“For me the scariest part is – and this has been said in the black community for decades – what happened this past week was that things we know exist came to the surface,” said Francesca Leigh-Davis, who co-hosts the RVA Dirt local politics radio show in Richmond, the Virginia state capital.
Leigh-Davis and her RVA Dirt co-hosts, Melissa Vaughn and Jessee Perry, organized a demonstration outside the governor’s mansion. Scores of people held signs and chanted “Northam has got to go” as the governor held a news conference inside – where he told reporters about his shoe-polish-assisted Michael Jackson impression.
Northam hasn’t been seen in public since. He has resisted calls from Democrats, including the Virginia legislative black caucus and candidates for the White House, to resign, and has hired a crisis communications firm.
To the outsider, Virginia has been moving left politically over the past decade, to the extent that some have mused whether the state, which brushes up against Washington, DC, in the north-east, should even still be considered part of ‘The South’, in the parlance of the US civil war.
The state elected Douglas Wilder, the first African American to serve as governor in the US since reconstruction, in 1989. More recently, Virginia voted for Barack Obama in 2008 – the first time the state had pledged for a Democrat in the White House in more than 40 years, and backed Obama again in 2012. In 2016 Hillary Clinton beat Donald Trump by 5% in the state.
But Cornell Brooks, a Virginia resident and former president of the NAACP, and a…
A racist photograph on the 1984 yearbook page of Gov. Ralph Northam of Virginia.
An accusation of sexual assault against Lt. Gov. Justin Fairfax.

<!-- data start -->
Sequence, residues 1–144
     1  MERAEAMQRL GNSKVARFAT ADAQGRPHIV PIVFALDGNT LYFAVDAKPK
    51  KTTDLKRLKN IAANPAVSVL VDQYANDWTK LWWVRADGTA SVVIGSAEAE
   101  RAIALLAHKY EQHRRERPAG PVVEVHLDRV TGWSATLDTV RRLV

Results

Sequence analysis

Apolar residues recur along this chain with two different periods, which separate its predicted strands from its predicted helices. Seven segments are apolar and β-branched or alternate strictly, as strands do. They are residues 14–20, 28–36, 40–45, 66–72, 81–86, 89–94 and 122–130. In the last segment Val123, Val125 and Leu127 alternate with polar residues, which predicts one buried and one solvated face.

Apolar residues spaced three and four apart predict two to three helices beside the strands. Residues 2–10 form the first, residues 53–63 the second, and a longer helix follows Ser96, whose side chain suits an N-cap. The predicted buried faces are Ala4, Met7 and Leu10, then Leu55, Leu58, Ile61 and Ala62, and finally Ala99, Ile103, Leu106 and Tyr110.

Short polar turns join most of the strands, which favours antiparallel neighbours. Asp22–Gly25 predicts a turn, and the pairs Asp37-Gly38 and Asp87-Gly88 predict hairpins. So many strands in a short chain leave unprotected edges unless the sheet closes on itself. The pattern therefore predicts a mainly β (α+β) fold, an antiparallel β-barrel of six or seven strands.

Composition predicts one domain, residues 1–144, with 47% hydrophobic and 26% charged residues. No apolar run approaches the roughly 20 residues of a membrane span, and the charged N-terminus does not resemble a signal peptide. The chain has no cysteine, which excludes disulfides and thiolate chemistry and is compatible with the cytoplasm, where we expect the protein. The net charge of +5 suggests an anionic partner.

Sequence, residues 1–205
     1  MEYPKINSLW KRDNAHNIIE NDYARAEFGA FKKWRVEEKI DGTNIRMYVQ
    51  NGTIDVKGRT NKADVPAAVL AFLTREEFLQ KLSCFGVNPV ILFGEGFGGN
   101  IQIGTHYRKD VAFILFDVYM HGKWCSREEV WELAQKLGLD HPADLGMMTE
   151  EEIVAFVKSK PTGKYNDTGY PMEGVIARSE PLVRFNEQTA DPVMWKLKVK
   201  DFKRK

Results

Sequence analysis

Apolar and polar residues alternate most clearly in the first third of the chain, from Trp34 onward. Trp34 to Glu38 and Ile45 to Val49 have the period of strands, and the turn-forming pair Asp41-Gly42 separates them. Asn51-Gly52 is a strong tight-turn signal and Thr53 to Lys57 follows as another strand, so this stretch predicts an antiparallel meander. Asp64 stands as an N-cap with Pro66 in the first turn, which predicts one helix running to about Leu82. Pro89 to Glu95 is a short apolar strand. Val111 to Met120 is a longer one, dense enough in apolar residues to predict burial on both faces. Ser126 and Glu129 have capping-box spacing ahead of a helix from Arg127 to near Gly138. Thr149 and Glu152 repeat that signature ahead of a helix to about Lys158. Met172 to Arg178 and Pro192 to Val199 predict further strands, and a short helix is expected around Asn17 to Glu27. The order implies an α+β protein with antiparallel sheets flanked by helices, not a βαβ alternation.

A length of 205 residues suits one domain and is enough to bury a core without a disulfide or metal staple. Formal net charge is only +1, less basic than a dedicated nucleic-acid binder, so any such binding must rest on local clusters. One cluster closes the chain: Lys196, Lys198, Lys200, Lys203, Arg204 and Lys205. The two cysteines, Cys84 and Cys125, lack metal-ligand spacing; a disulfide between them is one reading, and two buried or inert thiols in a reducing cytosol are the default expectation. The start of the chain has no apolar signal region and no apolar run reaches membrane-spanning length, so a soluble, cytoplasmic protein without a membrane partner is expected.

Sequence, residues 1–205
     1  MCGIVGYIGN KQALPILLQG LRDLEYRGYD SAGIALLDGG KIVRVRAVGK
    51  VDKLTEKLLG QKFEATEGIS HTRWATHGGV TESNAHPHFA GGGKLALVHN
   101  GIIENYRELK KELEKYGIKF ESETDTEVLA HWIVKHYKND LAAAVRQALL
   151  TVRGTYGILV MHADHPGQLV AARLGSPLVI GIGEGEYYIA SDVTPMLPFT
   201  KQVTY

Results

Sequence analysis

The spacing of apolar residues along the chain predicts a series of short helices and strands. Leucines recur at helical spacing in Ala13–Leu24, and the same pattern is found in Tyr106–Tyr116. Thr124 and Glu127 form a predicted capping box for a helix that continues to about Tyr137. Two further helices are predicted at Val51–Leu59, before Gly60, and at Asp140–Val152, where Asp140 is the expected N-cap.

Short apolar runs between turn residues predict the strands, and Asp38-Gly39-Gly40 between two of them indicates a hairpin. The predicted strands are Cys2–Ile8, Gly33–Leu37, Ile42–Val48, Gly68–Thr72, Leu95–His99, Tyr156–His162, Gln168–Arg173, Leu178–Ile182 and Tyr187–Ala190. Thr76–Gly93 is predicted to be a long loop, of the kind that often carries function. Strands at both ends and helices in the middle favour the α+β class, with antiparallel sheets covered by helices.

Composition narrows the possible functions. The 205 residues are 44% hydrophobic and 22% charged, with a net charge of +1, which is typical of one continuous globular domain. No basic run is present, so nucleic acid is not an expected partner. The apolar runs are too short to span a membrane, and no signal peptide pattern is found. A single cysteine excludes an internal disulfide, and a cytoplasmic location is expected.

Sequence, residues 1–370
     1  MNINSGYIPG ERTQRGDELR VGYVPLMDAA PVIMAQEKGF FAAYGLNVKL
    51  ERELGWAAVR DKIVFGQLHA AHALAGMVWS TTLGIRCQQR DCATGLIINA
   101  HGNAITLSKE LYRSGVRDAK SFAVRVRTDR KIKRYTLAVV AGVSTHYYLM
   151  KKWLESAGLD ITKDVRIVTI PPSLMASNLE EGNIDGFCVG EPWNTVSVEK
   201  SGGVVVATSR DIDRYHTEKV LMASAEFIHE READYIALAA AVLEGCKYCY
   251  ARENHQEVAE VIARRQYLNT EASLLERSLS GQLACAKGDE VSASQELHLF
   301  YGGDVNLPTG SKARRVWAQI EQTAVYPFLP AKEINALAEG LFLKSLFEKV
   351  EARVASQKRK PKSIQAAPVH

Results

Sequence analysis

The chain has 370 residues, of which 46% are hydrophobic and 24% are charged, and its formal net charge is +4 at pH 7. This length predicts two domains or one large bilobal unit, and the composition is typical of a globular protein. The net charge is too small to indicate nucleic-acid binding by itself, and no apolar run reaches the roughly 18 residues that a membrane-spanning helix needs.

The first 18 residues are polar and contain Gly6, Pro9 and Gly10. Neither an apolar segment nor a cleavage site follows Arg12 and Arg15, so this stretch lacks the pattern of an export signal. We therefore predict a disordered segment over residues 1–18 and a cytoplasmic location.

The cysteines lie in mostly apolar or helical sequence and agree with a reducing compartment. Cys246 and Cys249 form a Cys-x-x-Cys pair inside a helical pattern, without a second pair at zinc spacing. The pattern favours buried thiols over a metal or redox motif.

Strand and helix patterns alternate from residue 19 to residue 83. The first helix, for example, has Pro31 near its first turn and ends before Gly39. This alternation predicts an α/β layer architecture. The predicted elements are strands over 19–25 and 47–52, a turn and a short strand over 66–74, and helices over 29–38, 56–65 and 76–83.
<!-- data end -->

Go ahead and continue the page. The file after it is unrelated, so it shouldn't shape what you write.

Both reports — the first triggering an earthquake in Virginia politics last week, the second setting off an aftershock on Monday — were originally published by an obscure right-wing news site, Big League Politics, which has promoted conspiracy theories and written favorably about white nationalist candidates.
But as mainstream news outlets scrambled to confirm the photograph on Mr. Northam’s medical school yearbook page on Friday, it became clear that Big League Politics — and its mission of promoting the Trump agenda and nationalist causes — had assumed outsized influence in an increasingly Democratic state.
The website has dealt a severe blow to Mr. Northam, who first admitted to posing for the photograph, then reversed himself and has refused to resign despite enormous pressure from fellow Democrats in Virginia and around the nation, throwing his state’s politics into a crisis.
A cloud also now hangs over the head of Mr. Fairfax, who would succeed Mr. Northam if he resigns, after Big League Politics published unsubstantiated accusations that he sexually assaulted a woman he met at the Democratic National Convention in 2004.
Big League Politics is a relatively new entry to the constellation of right-wing media outlets that sprung up during Donald Trump’s rise, and until the bombshell yearbook report, its readership had remained small.
Patrick Howley, the editor in chief, said he received the photograph showing a pair of figures in blackface and Ku Klux Klan robes from a “concerned citizen,” declining to add more details.
But one of Big League Politics’s owners, Noel Fritsch, described the source of the photograph as “some people who were classmates of Northam,” who brought it to light out of anger at the governor’s remarks early last week defending late-term abortions.
In its mission statement, Big League Politics purports to be “not conservative” and “not liberal,” but it has trafficked in conspiracy theories favored by the far right, like the case of Seth Rich, the Democratic National Committee staff member whose murder in Washington was falsely seized on by conservative commentators as linked to WikiLeaks.